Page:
Big Data is characterized by the volume and variety of data and the speed of management.
Geographic and Ecology, like many other subject areas, has been flooded by a huge amount of diverse data called Big Data. Though databases are increasingly accessible and affordable, data are becoming more voluminous because they are often georeferenced and include numerous samples (measurements) and in addition to attributes and associated variables (fields). Such data are obtained from increasingly large areas with a greater spatial, temporal and thematic detail. This avalanche of data offers great opportunities for research but also requires new approaches for managing it efficiently, rigorously and accurately, all depending on the particularities of associated thematic information.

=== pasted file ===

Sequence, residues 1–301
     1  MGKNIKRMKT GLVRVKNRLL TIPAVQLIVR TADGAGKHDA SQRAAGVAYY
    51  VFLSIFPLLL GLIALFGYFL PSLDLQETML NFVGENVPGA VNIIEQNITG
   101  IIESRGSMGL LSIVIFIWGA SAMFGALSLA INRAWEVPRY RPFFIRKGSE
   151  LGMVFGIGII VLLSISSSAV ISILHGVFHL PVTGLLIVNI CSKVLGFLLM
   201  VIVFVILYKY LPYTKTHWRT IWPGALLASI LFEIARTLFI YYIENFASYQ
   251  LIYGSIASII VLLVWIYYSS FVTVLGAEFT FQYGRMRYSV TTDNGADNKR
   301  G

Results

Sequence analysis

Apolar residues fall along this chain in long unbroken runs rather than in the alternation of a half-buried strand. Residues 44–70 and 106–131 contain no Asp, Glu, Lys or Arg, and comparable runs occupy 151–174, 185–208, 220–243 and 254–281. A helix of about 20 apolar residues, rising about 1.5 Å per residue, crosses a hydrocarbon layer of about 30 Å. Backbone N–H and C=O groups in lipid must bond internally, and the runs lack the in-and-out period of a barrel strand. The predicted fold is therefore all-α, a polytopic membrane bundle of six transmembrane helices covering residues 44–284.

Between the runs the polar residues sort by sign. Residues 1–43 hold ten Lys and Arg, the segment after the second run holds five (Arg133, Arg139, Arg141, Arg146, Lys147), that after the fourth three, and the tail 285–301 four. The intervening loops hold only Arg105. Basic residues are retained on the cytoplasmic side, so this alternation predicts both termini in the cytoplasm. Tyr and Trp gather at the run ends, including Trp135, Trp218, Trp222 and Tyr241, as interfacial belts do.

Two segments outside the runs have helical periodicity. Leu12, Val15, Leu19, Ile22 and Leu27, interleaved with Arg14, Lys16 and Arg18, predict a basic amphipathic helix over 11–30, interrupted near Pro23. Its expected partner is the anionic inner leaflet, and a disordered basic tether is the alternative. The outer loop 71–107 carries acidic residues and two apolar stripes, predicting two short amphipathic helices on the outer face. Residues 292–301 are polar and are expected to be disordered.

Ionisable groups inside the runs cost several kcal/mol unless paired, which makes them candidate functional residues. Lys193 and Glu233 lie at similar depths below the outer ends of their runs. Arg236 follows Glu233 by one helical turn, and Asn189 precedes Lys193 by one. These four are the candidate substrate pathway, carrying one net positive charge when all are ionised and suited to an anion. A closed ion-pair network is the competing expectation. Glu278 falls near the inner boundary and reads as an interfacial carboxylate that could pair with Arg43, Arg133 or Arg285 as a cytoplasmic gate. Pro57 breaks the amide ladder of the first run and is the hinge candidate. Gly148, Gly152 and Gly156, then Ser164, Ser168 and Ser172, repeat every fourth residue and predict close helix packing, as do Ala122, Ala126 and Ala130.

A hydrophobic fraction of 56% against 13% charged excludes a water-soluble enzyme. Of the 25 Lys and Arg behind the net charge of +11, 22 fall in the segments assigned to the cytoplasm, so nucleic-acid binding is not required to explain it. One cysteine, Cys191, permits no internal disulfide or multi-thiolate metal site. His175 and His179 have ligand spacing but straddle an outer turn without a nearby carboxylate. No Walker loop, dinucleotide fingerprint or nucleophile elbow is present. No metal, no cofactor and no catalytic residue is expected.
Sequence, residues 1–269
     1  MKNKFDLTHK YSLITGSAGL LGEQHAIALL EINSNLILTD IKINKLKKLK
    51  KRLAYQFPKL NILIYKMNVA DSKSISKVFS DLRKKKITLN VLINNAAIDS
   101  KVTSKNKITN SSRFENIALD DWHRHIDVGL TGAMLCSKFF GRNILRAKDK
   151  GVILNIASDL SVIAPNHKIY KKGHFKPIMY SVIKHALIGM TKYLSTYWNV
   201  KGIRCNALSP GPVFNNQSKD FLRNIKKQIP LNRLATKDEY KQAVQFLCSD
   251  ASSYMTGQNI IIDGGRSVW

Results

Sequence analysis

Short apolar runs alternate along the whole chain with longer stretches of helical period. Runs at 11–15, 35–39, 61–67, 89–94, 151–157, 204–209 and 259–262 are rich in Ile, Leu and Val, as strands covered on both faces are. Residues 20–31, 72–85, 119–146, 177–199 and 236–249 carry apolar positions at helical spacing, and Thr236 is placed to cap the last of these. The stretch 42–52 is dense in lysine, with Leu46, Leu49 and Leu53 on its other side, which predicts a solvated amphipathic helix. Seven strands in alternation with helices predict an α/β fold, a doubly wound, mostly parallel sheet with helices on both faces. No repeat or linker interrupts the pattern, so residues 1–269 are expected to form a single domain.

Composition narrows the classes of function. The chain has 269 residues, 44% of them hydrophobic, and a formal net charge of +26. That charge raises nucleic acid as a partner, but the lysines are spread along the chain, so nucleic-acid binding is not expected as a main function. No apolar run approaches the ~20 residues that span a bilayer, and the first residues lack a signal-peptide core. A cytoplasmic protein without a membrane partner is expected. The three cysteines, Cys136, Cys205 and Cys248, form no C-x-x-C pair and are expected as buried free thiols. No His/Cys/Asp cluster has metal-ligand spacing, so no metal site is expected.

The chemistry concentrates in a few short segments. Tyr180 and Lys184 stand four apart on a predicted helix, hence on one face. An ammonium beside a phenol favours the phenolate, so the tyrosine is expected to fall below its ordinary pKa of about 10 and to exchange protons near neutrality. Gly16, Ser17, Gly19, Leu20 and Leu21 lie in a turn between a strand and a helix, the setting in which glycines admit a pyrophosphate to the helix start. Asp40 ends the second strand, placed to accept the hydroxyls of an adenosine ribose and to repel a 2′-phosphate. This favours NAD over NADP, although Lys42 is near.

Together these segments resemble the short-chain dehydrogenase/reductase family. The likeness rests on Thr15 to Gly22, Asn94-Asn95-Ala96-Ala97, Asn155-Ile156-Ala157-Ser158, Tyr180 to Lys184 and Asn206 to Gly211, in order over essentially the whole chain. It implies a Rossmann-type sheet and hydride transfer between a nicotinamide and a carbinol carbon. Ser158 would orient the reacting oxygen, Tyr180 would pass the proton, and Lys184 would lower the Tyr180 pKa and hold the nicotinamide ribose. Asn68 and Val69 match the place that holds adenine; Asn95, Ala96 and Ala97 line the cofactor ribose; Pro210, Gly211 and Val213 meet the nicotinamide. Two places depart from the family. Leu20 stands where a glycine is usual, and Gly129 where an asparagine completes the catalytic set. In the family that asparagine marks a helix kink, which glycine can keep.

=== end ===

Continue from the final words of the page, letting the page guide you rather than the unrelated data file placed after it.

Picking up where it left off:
Following its classic definition, Big Data is characterized by the volume and variety of data and the speed of management. However, we find it necessary to add an additional property: quality. The quality of the alphanumeric and spatial information of the available data must be analyzed. In the same regard, it is necessary to verify that access, maintenance and propagation of metadata is adequate and consistent. This is crucial when creating, editing and transforming the associated databases. Only after assuring the quality of the data used we can be confident that the corresponding related models are rigorous and accurate.
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